This camera’s shutter speed goes up to 1/1,000,000,000,000 of a second

Mar 13, 2023

John Aldred

John Aldred is a photographer with over 20 years of experience in the portrait and commercial worlds. He is based in Scotland and has been an early adopter – and occasional beta tester – of almost every digital imaging technology in that time. As well as his creative visual work, John uses 3D printing, electronics and programming to create his own photography and filmmaking tools and consults for a number of brands across the industry.

This camera’s shutter speed goes up to 1/1,000,000,000,000 of a second

Mar 13, 2023

John Aldred

John Aldred is a photographer with over 20 years of experience in the portrait and commercial worlds. He is based in Scotland and has been an early adopter – and occasional beta tester – of almost every digital imaging technology in that time. As well as his creative visual work, John uses 3D printing, electronics and programming to create his own photography and filmmaking tools and consults for a number of brands across the industry.

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One limit that often faces high-speed photographers is the 1/8,000 or 1/4,000 max shutter speed of their DSLR or mirrorless cameras. Fortunately, mirrorless cameras are bringing this up to 1/32,000 with the electronic shutter now in some models. However, many photographers will still revert to flash to get exposure times faster than the camera’s shutter speed is capable.

But even super fast flash durations aren’t a patch on the “Neutron” camera. Developed by a team of researchers at Columbia University in New York, it can shoot with shutter speeds as fast as a trillionth of a second. That’s one and twelve zeroes! This camera isn’t like the ones we’re used to, though. It’s designed to capture a process known as “dynamic disorder”.

YouTube video

Rather than try to explain what dynamic disorder is, when the folks at Columbia Engineering have described it so well, here’s how they introduce it:

Researchers are coming to understand that the best performing materials in sustainable energy applications, such as converting sunlight or waste heat to electricity, often use collective fluctuations of clusters of atoms within a much larger structure. This process is often referred to as “dynamic disorder.”

Understanding dynamic disorder in materials could lead to more energy-efficient thermoelectric devices, such as solid-state refrigerators and heat pumps, and also to better recovery of useful energy from waste heat, such as car exhausts and power station exhausts, by converting it directly to electricity. A thermoelectric device was able to take heat from radioactive plutonium and convert it to electricity to power the Mars Rover when there was not enough sunlight.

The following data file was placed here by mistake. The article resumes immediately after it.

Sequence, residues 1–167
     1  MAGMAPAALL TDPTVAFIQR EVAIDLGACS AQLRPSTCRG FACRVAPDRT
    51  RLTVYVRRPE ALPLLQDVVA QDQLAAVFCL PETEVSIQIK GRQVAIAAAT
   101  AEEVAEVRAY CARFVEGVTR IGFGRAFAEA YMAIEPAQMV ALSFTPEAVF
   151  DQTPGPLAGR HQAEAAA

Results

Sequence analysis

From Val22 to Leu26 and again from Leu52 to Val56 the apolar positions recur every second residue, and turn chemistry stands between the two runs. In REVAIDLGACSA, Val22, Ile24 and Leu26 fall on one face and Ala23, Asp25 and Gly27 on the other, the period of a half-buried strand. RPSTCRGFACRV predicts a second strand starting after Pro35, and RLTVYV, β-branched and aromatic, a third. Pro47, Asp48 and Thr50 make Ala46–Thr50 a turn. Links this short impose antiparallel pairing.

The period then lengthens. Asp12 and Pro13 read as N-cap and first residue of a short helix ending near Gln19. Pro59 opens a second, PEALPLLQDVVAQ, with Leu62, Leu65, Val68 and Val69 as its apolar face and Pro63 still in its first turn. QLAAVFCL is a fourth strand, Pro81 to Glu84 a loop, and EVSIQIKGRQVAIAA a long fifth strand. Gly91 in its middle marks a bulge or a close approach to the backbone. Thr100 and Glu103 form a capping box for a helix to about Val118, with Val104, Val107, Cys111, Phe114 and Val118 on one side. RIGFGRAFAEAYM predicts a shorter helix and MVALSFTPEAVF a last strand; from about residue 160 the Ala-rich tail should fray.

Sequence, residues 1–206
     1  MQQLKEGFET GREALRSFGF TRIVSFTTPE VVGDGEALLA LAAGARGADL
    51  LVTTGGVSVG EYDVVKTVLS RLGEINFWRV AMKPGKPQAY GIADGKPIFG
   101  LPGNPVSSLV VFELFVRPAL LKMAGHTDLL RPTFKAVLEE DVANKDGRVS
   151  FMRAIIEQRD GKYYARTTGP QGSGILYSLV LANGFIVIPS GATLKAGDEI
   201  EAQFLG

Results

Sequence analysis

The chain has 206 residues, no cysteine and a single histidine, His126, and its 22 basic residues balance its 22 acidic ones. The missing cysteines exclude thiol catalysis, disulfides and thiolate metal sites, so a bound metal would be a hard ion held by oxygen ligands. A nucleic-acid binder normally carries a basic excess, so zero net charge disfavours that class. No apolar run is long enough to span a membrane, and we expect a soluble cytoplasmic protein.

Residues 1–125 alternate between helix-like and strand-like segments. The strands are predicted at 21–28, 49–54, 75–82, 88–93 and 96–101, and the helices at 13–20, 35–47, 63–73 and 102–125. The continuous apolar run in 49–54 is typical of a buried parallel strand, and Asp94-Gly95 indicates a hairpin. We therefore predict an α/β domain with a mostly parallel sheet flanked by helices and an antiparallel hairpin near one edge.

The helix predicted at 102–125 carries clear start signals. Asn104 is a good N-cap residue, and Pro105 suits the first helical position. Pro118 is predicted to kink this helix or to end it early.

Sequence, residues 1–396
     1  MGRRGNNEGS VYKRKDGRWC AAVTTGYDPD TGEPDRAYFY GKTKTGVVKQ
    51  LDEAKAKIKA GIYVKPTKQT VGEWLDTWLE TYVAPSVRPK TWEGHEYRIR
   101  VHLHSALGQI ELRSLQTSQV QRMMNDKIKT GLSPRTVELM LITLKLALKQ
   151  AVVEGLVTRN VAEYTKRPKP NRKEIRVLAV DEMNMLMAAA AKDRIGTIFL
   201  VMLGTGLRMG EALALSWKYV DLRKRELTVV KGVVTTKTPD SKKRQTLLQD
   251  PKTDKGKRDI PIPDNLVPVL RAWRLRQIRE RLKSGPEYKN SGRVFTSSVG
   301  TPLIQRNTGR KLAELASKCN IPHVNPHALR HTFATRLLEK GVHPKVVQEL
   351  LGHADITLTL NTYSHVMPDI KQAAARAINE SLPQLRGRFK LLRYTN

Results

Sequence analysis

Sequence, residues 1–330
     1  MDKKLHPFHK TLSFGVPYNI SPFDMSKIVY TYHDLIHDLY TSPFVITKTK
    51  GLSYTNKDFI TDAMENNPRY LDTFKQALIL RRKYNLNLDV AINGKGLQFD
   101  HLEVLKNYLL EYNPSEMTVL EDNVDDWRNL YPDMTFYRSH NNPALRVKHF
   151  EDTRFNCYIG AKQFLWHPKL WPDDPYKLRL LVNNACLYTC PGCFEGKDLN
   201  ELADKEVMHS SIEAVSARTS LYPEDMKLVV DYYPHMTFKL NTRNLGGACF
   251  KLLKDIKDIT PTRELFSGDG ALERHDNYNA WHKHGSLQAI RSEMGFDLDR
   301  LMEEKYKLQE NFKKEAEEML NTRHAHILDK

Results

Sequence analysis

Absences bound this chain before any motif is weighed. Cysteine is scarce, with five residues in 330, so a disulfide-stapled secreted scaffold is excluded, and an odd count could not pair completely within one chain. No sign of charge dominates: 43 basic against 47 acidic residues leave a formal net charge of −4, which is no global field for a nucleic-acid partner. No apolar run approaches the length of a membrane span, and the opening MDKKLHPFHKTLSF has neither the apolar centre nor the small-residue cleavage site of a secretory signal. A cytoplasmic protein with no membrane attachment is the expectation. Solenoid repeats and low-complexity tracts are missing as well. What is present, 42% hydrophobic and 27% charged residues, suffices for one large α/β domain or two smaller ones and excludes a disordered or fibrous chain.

[Related reading: The Slow Mo Guys film light at 10 trillion frames per second]

The new ultra-high-speed camera is designed to monitor the position of atoms over time to understand how they flow through materials. The fast picosecond exposures required to observe this are possible thanks to a new variable shutter PDF method. And no, it’s nothing to do with Adobe. In this instance, PDF stands for “pair distribution function”.

After that, it all starts to get a bit complicated. But essentially, the 1/1,000,000,000,000 shutter speeds allow the researchers to see atoms, which normally move incomprehensibly fast, frozen in time. This is similar to what I mentioned above, with high-speed photographers using fast shutter speeds and super short flash durations to freeze their subjects in front of the camera, except on a much smaller scale.

The video above explains the basic principle of how the PDF system works and how it’s different to conventional cameras. But the ultimate goal with this isn’t to create beautiful artistic imagery. It’s to be able to study energy transfers to create more efficient means of generating electricity from waste energy, such as heat or sunlight, as a replacement for current methods of renewable energy sources and for making more efficient devices that consume energy.

Who knows, maybe it’ll even help make the kinds of cameras we use more energy efficient so we won’t have to swap batteries out so often!

[Columbia University via Digital Camera World]

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John Aldred

John Aldred

John Aldred is a photographer with over 20 years of experience in the portrait and commercial worlds. He is based in Scotland and has been an early adopter – and occasional beta tester – of almost every digital imaging technology in that time. As well as his creative visual work, John uses 3D printing, electronics and programming to create his own photography and filmmaking tools and consults for a number of brands across the industry.

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